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Tanushree Aggarwal
Tanushree Aggarwal

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Linux: 3 ways to search patterns in files


This is the first post in my bite-sized learning series. In this series we will be taking simple every day use cases and walking through multiple ways to achieve them. These posts are perfect for anyone who does not have a lot of experience working on Linux but wants to up their game, without spending hours at a stretch learning.


Often during troubleshooting issues, we are required to search the presence of certain keywords in regular files. These can be words like: error, warning, timeout, success etc.
In today's post we will be discussing various ways to search simple patterns in regular files on Linux.
Note: this is the first post of the series and targeted at basic pattern search. Searching regular expressions is a more advanced topic and will be covered in a later post.

Sample file we will be running our commands on:

1. grep

grep searches input files for matches to the patterns. When it finds a match in a line, it copies the line to standard output. grep searches the pattern in the file, line-by-line.
Since it reads one line at a time, grep may come across as a bit slow when working with extremely large files. (say file size in GBs)

1.1 Matching the exact pattern

Syntax: grep "<pattern>" <filename>

Example: grep "test" testfile


Compare the output to the actual input file testfile.
You will notice that grep only displays those lines from the file which have the pattern test. It has not included the lines with the words Test or TEST.
This is because, by default all grep pattern searches are case-sensitive, i.e. it matches the word + defined case while comparing.
Let's try this again:

grep "Test" testfile

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grep "TEST" testfile

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So far we have included the pattern in double quotation marks(" ").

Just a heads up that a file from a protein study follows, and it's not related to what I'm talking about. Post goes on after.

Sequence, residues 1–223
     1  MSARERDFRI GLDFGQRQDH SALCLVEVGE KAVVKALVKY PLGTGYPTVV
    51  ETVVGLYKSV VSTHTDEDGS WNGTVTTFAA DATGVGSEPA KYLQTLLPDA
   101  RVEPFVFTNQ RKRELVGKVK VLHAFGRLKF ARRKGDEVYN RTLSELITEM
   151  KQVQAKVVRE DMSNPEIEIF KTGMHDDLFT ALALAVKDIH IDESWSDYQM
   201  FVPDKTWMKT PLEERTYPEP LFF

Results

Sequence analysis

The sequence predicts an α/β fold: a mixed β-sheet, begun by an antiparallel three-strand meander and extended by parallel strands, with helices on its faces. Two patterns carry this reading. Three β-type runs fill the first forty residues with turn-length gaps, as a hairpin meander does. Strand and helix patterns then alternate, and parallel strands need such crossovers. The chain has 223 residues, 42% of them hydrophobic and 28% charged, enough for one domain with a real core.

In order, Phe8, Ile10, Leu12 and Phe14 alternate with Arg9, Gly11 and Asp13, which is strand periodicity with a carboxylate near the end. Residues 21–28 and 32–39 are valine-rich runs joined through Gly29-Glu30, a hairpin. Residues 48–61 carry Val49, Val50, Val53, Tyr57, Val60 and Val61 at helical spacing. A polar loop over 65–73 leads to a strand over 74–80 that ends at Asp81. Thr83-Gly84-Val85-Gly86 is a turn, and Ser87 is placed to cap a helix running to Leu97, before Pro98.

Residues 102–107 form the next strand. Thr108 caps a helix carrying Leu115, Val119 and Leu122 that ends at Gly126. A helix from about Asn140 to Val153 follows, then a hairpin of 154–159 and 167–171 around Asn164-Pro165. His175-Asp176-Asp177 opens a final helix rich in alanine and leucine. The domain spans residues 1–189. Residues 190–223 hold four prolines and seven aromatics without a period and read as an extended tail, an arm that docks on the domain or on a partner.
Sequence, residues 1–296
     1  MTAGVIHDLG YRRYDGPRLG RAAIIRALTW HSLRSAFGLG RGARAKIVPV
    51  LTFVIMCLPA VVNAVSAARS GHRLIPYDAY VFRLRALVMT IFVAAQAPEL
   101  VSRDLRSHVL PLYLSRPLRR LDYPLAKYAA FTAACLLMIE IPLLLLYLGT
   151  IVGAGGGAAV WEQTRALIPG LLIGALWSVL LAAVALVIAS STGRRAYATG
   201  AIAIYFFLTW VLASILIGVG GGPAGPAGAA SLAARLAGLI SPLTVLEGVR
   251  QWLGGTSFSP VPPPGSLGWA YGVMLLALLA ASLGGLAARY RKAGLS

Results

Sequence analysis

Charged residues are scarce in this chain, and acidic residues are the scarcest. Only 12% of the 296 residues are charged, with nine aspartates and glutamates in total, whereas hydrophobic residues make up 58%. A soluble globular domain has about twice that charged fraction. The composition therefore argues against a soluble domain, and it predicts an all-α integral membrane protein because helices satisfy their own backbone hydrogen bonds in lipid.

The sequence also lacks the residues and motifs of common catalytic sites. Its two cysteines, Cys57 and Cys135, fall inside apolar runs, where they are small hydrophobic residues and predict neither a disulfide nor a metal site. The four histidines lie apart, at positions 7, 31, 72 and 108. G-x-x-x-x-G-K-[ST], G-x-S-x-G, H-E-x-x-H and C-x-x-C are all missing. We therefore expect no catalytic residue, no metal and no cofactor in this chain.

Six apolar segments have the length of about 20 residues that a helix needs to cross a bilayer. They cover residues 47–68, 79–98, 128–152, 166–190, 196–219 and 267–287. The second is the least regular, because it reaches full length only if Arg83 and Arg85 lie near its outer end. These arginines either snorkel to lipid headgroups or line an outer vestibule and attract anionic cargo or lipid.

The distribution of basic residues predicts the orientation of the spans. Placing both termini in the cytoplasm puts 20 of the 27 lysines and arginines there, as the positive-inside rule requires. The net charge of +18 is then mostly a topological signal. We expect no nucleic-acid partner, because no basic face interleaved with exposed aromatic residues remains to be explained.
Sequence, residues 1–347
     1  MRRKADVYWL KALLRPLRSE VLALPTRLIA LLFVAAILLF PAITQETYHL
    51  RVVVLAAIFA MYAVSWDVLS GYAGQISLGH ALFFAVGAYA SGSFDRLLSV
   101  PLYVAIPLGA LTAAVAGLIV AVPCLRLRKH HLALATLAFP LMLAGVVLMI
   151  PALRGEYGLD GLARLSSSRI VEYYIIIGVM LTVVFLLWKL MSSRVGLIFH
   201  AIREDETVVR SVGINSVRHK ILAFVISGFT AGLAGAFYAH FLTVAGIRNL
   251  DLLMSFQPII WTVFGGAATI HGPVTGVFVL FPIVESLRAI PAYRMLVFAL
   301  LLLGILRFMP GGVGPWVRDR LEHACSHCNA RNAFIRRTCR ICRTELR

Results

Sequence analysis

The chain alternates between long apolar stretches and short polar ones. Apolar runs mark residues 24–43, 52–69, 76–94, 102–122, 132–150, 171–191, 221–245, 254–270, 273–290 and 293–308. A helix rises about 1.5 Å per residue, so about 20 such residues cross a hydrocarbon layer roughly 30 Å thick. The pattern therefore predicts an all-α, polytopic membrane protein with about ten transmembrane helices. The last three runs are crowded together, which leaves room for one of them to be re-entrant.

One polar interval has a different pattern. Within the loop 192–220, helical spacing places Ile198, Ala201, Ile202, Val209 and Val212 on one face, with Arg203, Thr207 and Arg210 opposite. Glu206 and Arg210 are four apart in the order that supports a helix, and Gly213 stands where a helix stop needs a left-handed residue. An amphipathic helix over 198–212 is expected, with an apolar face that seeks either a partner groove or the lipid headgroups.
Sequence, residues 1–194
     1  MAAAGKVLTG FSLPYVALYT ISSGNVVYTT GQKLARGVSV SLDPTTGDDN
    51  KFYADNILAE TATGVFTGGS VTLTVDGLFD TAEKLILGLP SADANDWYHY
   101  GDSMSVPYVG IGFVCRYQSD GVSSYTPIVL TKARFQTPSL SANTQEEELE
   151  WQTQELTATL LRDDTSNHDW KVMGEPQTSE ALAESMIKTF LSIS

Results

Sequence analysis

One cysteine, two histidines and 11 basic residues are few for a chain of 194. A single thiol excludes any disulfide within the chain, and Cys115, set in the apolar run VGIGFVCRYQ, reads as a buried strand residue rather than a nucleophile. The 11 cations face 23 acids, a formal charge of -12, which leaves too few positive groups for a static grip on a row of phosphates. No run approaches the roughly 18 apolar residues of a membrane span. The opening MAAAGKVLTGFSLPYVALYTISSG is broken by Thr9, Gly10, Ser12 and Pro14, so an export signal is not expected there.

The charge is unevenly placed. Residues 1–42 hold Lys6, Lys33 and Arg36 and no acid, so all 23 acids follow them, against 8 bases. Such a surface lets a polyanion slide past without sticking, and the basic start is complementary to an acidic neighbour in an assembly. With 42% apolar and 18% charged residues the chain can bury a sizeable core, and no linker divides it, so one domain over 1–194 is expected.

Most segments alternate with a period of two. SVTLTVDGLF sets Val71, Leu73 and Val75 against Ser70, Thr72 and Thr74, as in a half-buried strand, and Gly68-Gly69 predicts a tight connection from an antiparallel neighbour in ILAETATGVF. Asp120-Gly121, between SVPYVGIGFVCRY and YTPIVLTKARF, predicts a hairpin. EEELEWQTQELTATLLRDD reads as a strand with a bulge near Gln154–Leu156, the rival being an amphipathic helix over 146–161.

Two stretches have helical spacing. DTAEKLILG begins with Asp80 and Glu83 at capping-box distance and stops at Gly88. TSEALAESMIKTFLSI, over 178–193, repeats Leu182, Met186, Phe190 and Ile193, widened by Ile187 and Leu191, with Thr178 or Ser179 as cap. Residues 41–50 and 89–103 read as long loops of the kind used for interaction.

grep will still work if we do not encapsulate the pattern in quotes.


However, this will be an issue if the pattern contains blank spaces or special characters

Same pattern works when placed in quotation marks:

It is good practice to always place the search pattern in quotation marks.

1.2 Matching pattern while ignoring it case

We now understand how to match the exact pattern. How about situations where we are unsure about the case in which the pattern exists, or we want all occurrences of the word, irrespective of their case.

This can be achieved by using the grep -i flag.
Here -i indicates that we wish to ignore the case of the pattern

Syntax: grep -i "<pattern>" <filename>

Example: grep -i "test" testfile

2. AWK

AWK is a powerful data extraction and processing language. Yes! you read it correctly! AWK is a programming language! It enables programmers to write powerful functionality while write just a few lines of code. It reads the entire file (or multiple files) at a time and then performs the requested action. This makes it super quick and the preferred choice when working with large file(s).

2.1 Matching the exact pattern

Syntax: aws '/pattern/{ print $0 }' <filename>

Example: awk '/test/{ print $0 }' testfile



  • { print $0 } : is used to print all contents of the file.
  • since we are incorporating a search pattern "test" in the command, the command outputs all lines from the file testfile, which contains the pattern test.
  • this by default matches the case

2.2 Matching pattern while ignoring it case

Syntax: awk 'BEGIN{IGNORECASE=1} /pattern/{print $0}' <filename>

awk 'BEGIN{IGNORECASE=1} /test/{print $0}' testfile


  • BEGIN is a special pattern used to label actions that awk performs before reading any input records. It executes only once i.e. before all other rules. It is commonly used to initialize and setup tasks in an awk program.

3. SED

Short for Stream Editor is used for performing basic test transformations on an input. It scans the entire input (a file named testfile in our case) making it a very efficient way to transform data in large files.

Note: since its a stream editor, it is not commonly used for basic pattern searching.

3.1 Matching the exact pattern

Syntax: sed -n '/pattern/p' <filename>

sed -n '/test/p' testfile


3.2 Matching pattern while ignoring it case

sed -n '/[Tt][Ee][Ss][Tt]/p' testfile


Whoow! What is that?!? What's with these braces []? What exactly are we using as the search pattern?

Relax! That is the use of a regular expression.
I know! I know! This was supposed to be a basic tutorial and not contain scary looking expressions!
Since sed does not have a straightforward way to ignore case for basic pattern searches. When it comes to features like find and replace its a whole different story!
So if you do not understand regular expressions, ignore this one for now. We will discuss this is a later blog.


This was a basic tutorial on pattern searching in Linux. We learnt three different ways to search patterns in files, with or without matching cases.
I hope this was useful and did not take too much time to grasp. That would defeat the purpose of a bite-sized learning series!

Thank you for stopping by!
Drop a comment if you would like to see a specific Linux command covered in this bite-sized learning series! Suggestions or improvements are always welcome!

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